If irritation or sensitivity occurs or infection appears, discontinue treatment and institute appropriate therapy. Lido-K should be used with caution in ill, elderly, debilitated patients and children who may be more sensitive to the systemic effects of lidocaine.
CARCINOGENESIS, MUTAGENESIS AND IMPAIRMENT OF FERTILITY
Studies of Lidocaine in animals to evaluate the carcinogenic and mutagenic potential of the effect on fertility have not been conducted.
USE IN PREGNANCYTeratogenic Effects
Pregnancy Category B
Reproduction studies have been performed in rats at doses up to 6.6 times the human dose and have revealed no evidence of harm to the fetus caused by Lidocaine. There are, however, no adequate and well controlled studies in pregnant women. Animal reproduction studies are not always predictive of human response. General consideration should be given to this fact before administering Lidocaine to women of childbearing potential, especially during early pregnancy when maximum organogenesis takes place.
Lidocaine does pass very quickly through the placenta so doctors and experts suggest only using the anesthetic for established medical needs only as directed by your physician.
It is not known whether this drug is excreted in human milk. Because many drugs are excreted in human milk, caution should be exercised when this drug is administered to a nursing mother. Your doctor and you will decide if the benefits outweigh the risk of using lidocaine.
Dosage in pediatric patients would be reduced commensurate with age, body weight and physical condition.
If your child becomes very dizzy, excessively sleepy, or develops duskiness of the face or lips after applying lidocaine lotion, remove the lotion and contact your physician at once.
During or immediately after treatment, the skin at the site of treatment may develop erythema or edema or maybe the locus of abnormal sensation.
Adverse experiences following the administration of lidocaine are similar in nature to those observed with other amide local anesthetic agents. These adverse experiences are, in general, dose-related and may result from high plasma levels caused by excessive dosage or rapid absorption, or may result from a hypersensitivity, idiosyncrasy or diminished tolerance on the part of the patient. Serious adverse experiences are generally systemic in nature. The following types are those most commonly reported:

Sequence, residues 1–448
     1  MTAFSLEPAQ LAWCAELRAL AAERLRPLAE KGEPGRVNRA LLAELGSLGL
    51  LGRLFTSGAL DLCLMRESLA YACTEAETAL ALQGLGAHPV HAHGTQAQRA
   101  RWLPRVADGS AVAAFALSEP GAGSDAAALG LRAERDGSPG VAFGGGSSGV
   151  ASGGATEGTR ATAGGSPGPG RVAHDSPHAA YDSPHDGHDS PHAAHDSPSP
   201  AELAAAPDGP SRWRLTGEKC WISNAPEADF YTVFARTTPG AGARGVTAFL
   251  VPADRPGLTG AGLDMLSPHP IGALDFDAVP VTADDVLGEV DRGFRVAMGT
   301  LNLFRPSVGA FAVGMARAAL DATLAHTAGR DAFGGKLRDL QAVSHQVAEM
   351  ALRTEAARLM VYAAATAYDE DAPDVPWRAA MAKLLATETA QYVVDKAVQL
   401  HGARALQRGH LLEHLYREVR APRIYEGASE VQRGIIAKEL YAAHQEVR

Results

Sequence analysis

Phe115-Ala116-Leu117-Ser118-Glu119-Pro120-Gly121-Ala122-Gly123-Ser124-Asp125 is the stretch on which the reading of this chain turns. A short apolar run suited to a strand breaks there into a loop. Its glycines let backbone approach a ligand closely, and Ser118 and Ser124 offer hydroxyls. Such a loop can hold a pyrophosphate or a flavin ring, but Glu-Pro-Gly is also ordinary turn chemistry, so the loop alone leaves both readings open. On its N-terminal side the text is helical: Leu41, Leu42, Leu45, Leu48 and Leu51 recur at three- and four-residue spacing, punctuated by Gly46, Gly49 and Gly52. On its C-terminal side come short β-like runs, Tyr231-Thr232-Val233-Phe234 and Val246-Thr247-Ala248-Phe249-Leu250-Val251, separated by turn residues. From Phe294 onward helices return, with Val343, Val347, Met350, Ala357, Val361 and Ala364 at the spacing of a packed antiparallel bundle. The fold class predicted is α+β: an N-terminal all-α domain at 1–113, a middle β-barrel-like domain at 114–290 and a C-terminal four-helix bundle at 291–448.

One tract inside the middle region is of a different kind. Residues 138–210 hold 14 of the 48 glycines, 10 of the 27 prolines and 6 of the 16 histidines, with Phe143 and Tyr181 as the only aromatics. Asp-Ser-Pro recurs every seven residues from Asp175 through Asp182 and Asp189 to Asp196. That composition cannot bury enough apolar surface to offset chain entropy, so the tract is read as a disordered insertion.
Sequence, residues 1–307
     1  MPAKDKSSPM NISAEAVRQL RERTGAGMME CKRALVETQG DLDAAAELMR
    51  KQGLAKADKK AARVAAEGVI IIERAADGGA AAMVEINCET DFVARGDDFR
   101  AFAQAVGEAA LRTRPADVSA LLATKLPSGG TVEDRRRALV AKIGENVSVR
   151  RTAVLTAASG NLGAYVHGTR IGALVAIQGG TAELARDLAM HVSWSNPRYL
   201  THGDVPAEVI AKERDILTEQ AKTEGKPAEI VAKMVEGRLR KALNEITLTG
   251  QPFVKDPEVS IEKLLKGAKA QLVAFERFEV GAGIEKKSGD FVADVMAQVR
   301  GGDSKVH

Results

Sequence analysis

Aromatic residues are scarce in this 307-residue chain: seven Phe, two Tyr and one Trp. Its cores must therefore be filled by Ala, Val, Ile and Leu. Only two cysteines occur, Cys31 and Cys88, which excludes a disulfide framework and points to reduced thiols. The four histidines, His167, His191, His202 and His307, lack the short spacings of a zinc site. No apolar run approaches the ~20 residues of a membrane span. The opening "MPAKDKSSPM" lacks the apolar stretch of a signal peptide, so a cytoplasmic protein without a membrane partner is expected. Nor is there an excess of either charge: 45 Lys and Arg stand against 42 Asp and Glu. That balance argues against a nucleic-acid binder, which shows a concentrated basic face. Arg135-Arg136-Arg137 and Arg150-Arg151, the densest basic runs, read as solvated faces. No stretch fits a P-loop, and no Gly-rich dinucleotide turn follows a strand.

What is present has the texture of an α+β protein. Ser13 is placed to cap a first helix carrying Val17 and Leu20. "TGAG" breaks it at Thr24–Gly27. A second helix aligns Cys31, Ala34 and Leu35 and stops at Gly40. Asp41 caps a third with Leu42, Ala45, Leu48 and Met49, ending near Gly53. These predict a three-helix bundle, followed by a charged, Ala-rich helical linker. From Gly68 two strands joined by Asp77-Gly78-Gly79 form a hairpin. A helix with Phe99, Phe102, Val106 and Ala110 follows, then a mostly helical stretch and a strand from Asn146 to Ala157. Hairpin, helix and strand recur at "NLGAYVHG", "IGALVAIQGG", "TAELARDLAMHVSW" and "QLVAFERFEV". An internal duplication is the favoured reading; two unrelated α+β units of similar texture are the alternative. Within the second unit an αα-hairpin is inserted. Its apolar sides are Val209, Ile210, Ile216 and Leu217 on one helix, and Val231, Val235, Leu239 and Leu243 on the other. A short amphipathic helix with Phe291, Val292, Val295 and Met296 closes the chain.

Central nervous system
CNS manifestations are excitatory and/or depressant and may be characterized by lightheadedness, nervousness, apprehension, euphoria, confusion, dizziness, drowsiness, tinnitus, blurred or double vision, vomiting, sensations of heat, cold or numbness, twitching, tremors, convulsions, unconsciousness, respiratory depression and arrest. The excitatory manifestations may be very brief or may not occur at all, in which case the first manifestation of toxicity may be drowsiness merging into unconsciousness and respiratory arrest. Drowsiness following the administration of lidocaine is usually an early sign of a high blood level of the drug and may occur as a consequence of rapid absorption.
Cardiovascular manifestations are usually depressant and are characterized by bradycardia, hypotension, and cardiovascular collapse, which may lead to cardiac arrest.
Allergic reactions are characterized by cutaneous lesions, urticaria, edema or anaphylactoid reactions. Allergic reactions may occur as a result of sensitivity either to the local anesthetic agent or to other components in the formulation. Allergic reactions as a result of sensitivity to lidocaine are extremely rare and, if they occur, should be managed by conventional means. The detection of sensitivity by skin testing is of doubtful value.
Lido-K Lotion Dosage and Administration
Apply a thin film to the affected area two or three times daily or as directed by a physician.
Caution should be exercised, particularly when employing large amounts, since the incidence of adverse effects is directly proportional to the total dose of local anesthetic agent administered.
How is Lido-K Lotion Supplied
Lido-K Lotion is supplied in the following size:
|6oz (177 mL) Bottle||70350-2618-6|
KEEP THIS AND ALL MEDICATION OUT OF THE REACH OF CHILDREN.
Store at 25°C (77°F); excursions permitted to 15° - 30°C (59° - 86°F). Protect from freezing [See USP Controlled Room Temperature].
Solutech Pharmaceuticals LLC
Peoria, AZ 85345
PRINCIPAL DISPLAY PANEL - 177 mL Bottle Label
LIDOCAINE HCL 3% LOTION
Net WT. 6OZ (177 mL)
lidocaine hydrochloride lotion
|Labeler - SOLUTECH PHARMACEUTICALS LLC (080040396)|
More about Lido-K (lidocaine topical)
- Side Effects
- During Pregnancy or Breastfeeding
- Dosage Information
- Drug Interactions
- Drug class: topical anesthetics